Compound pharmacies specializing in customized prescriptions to meet the unique needs of patients are growing in popularity. Minneapolis is home to several of these specialty pharmacies.
If you offer compounding services in your establishment, you may be at risk of pharmacy fraud charges. You might even be charged with fraud on the federal level, increasing your risk of an unfavorable outcome.
What are some examples of compound pharmacy fraud?
An investigation into possible compound pharmacy fraud generally focuses on specific activities. For example, the authorities might suspect a pharmacy of intentionally defrauding federal insurance programs like Medicaid. Other examples include:
- Making compounds that are identical to commercially available product
- Overbilling patients, insurers and federal insurance programs
- Billing patients and insurers for unnecessary compounds
- Offering kickbacks to healthcare associates (doctors, chiropractors, etc.) in exchange for referrals
- Charging for each ingredient that is used to create a single compound
- Auto-refilling compound prescriptions without authorization
- Intentionally mislabeling compounded prescription medications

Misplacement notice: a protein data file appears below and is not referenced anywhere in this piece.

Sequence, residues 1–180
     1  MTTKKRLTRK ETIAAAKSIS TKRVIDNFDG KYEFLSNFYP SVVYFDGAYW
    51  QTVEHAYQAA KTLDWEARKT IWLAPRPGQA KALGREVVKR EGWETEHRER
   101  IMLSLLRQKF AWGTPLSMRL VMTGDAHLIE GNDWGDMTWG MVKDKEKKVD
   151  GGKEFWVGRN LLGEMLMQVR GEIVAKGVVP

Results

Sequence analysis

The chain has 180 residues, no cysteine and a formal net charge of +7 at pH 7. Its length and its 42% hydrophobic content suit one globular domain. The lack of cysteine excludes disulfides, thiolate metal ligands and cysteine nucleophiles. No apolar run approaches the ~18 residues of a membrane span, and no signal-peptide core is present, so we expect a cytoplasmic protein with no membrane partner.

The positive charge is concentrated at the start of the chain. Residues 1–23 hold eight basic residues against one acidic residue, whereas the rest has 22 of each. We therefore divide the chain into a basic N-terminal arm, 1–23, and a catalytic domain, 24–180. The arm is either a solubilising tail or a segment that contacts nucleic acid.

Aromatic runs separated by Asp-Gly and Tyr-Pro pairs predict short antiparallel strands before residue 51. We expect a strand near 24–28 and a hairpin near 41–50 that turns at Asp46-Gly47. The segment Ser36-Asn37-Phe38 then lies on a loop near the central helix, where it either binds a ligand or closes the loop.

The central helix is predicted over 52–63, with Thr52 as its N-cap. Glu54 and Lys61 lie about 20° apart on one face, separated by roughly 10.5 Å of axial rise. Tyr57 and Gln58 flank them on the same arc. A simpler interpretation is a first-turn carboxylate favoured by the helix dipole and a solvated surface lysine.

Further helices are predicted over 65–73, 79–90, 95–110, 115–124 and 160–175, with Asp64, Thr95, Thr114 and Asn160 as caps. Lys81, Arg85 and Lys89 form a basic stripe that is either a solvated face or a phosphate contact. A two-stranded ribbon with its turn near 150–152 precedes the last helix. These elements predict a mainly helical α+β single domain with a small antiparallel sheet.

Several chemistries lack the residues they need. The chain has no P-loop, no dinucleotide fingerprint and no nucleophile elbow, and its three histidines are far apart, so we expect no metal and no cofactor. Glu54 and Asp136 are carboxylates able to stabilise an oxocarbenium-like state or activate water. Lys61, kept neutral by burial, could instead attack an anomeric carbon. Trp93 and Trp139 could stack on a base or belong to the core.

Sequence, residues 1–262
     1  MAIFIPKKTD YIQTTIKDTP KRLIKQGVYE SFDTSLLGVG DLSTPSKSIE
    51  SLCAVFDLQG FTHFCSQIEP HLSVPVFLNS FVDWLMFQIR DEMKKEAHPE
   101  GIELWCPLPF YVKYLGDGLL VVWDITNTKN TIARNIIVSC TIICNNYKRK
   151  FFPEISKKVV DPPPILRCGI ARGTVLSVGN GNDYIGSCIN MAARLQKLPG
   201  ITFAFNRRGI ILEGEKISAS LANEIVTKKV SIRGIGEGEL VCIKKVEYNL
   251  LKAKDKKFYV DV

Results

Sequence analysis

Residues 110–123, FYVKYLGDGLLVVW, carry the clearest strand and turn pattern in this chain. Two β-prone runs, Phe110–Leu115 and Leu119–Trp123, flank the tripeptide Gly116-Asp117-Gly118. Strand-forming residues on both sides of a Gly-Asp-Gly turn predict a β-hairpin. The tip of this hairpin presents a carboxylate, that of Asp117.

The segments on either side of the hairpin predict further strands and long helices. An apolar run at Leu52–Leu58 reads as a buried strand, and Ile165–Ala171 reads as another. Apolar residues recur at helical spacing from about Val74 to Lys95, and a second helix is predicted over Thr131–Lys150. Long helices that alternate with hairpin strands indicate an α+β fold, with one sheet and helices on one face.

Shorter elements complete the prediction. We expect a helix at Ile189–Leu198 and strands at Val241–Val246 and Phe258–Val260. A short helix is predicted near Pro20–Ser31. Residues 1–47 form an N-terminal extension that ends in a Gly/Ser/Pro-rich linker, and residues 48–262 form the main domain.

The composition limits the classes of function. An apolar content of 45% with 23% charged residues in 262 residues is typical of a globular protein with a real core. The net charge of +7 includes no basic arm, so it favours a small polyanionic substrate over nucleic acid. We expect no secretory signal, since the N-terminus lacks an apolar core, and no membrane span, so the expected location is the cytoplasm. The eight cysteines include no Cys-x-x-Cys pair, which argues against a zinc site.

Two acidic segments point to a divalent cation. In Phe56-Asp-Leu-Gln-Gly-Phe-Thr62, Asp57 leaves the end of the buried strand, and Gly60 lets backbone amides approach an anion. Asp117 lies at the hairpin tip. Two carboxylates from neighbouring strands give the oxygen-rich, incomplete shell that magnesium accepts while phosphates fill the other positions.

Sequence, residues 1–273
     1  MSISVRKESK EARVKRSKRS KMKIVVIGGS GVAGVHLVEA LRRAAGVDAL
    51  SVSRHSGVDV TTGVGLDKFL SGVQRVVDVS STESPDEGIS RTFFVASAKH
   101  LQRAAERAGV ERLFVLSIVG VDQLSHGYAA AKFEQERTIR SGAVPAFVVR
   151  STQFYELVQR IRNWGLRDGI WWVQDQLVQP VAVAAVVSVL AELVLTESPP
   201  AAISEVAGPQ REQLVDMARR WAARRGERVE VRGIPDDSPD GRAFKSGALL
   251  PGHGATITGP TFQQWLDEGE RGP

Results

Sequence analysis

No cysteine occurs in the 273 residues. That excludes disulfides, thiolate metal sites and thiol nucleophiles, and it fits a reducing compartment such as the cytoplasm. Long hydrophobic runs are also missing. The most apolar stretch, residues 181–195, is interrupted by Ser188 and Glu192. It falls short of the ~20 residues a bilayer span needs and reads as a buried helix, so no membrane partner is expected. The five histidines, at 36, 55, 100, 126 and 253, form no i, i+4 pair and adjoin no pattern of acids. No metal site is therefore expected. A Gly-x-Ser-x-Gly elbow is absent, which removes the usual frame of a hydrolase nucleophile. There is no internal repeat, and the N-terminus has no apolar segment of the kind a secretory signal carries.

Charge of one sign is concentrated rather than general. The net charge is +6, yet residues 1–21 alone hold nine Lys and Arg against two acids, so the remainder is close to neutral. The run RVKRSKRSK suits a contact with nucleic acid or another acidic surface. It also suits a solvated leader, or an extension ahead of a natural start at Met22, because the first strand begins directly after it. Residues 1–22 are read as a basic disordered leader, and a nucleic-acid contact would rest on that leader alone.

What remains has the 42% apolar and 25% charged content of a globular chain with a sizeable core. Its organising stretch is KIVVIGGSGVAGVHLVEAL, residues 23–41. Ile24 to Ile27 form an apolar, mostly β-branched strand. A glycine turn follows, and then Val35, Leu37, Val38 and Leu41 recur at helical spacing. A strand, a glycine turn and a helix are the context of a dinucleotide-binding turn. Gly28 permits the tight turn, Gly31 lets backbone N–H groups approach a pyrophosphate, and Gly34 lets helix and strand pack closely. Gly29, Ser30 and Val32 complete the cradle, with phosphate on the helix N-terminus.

A conviction for compounding pharmacy fraud can lead to life-changing penalties. In 2017, federal prosecutors charged a compound pharmacy owner with conspiracy to defraud a federal insurer out of more than $10 million.
The parties immediately entered a plea agreement requiring the owner to release $918,234 and a luxury auto bought with criminally obtained proceeds. In 2018, the federal judge assigned to the case sentenced the pharmacy owner to a five-year prison term.
An arrest on any pharmacy fraud charge requires an immediate response, especially if an allegation of defrauding the government arises. If you begin working on your defense right away, you will have a better chance of improving your situation.
For example, you could overcome the charges, have them reduced or perhaps arrange a plea deal imposing the least harsh consequences.